Robert Wise: Wikis

Advertisements
  
  

Note: Many of our articles have direct quotes from sources you can cite, within the Wikipedia article! This article doesn't yet, but we're working on it! See more info or our list of citable articles.

Encyclopedia

From Wikipedia, the free encyclopedia

Robert Wise

Wise at the premiere of Air America, 1990
Born Robert Earl Wise
September 10, 1914(1914-09-10)
Winchester, Indiana, U.S.
Died September 14, 2005 (aged 91)
Los Angeles, California, U.S.
Spouse(s) Patricia Doyle (1942-1975)
Millicent Franklin (1977-2005)

Robert Earl Wise (September 10, 1914 – September 14, 2005) was an American sound effects editor, film editor, film producer and director. He won Academy Awards as Best Director for The Sound of Music (1965) and West Side Story (1961) as well as nominations as Best Film Editing for Citizen Kane (1941) and Best Picture for The Sand Pebbles (1966).

Among his other films are Born to Kill; The Hindenburg; Star Trek: The Motion Picture; The Day the Earth Stood Still; Run Silent, Run Deep; The Andromeda Strain; The Set-Up; The Haunting; and The Body Snatcher. Wise's working period spanned the 1930s to the 1990s.

Often contrasted with contemporary "auteur" directors such as Stanley Kubrick who tended to bring a distinctive directorial "look" to a particular genre, Wise is famously viewed to have allowed his (sometimes studio assigned) story dictate style. Later critics such as Martin Scorsese would go on to expand that characterization, insisting that despite Wise's notorious workaday concentration on stylistic perfection within the confines of genre and budget, his choice of subject matter and approach still functioned to identify Wise as an artist and not merely an artisan. Through whatever means, Wise's approach would bring him critical success as a director in many different traditional film genres: from horror to noir to Western to war films to science fiction, to musical and drama, with many repeat hits within each genre. Wise's tendency towards professionalism led to a degree of preparedness which, though nominally motivated by studio budget constraints, nevertheless advanced the moviemaking art, with many Academy Award-winning films the result. Robert Wise received the AFI Life Achievement Award in 1998.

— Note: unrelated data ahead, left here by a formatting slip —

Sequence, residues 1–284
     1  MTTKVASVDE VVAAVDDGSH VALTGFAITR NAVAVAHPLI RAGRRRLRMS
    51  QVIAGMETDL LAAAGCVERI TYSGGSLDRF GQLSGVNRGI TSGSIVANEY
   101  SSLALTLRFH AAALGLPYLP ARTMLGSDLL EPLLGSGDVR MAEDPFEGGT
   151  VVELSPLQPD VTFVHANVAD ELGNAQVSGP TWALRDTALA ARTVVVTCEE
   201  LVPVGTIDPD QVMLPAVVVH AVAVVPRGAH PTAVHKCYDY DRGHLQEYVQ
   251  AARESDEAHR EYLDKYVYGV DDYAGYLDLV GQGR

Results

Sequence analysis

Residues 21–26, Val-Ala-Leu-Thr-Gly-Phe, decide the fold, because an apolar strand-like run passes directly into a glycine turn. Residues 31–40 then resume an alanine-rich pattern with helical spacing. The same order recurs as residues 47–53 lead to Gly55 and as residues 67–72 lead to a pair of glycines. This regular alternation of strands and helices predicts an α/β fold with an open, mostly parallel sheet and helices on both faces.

Contents

Early years

Wise was born in Winchester, Indiana, the son of Olive R. (née Longenecker) and Earl W. Wise, a meat packer.[1] Wise attended Connersville High School in Connersville, Indiana, and its auditorium, the Robert E. Wise Center for Performing Arts, is named in his honor. Wise began his movie career at RKO as a sound and music editor, but he soon grew to being nominated for the Academy Award for Film Editing for Citizen Kane in 1941: Wise was that film's last living crew member.

Though Wise worked only as editor on Citizen Kane, it is likely that while working on the film he would become familiar with the optical printer techniques employed by Linwood Dunn, inventor of the practical optical printer, to produce effects for Citizen Kane such as the image projected in the broken snowglobe which falls from Kane's hand as he dies. Though Wise was never known as a special-effects-driven director, echoes of this 1940s high-tech special effects technology were to emerge in several of his important later films, such as The Day the Earth Stood Still, West Side Story, and Star Trek: The Motion Picture. Wise could also make a movie special in the use of technique borrowed from one genre but applied to another genre: in his hands, a science fiction movie might acquire mood from a "haunted house" film, and vice versa. Wise sought never to waste the time (or salary) of the talented people who produced his features: the result was an impressively prolific series of films which showcase the talents of director, cast, and crew.

In March 1987, Wise accepted the Academy Award for Best Actor, on behalf of his absent friend, Paul Newman, who won for his performance in The Color of Money.

Wise becomes a director